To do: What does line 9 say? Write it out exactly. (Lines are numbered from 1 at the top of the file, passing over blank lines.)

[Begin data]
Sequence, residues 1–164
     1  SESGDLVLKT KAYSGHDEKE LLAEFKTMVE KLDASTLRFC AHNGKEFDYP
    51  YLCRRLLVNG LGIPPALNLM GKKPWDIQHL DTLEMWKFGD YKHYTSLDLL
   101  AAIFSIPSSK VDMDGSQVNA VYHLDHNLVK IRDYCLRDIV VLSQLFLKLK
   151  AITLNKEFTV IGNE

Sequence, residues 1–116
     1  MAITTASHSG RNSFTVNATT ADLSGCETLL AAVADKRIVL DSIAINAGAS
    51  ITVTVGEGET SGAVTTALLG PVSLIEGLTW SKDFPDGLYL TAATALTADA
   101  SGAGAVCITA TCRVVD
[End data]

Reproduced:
   101  SGAGAVCITA TCRVVD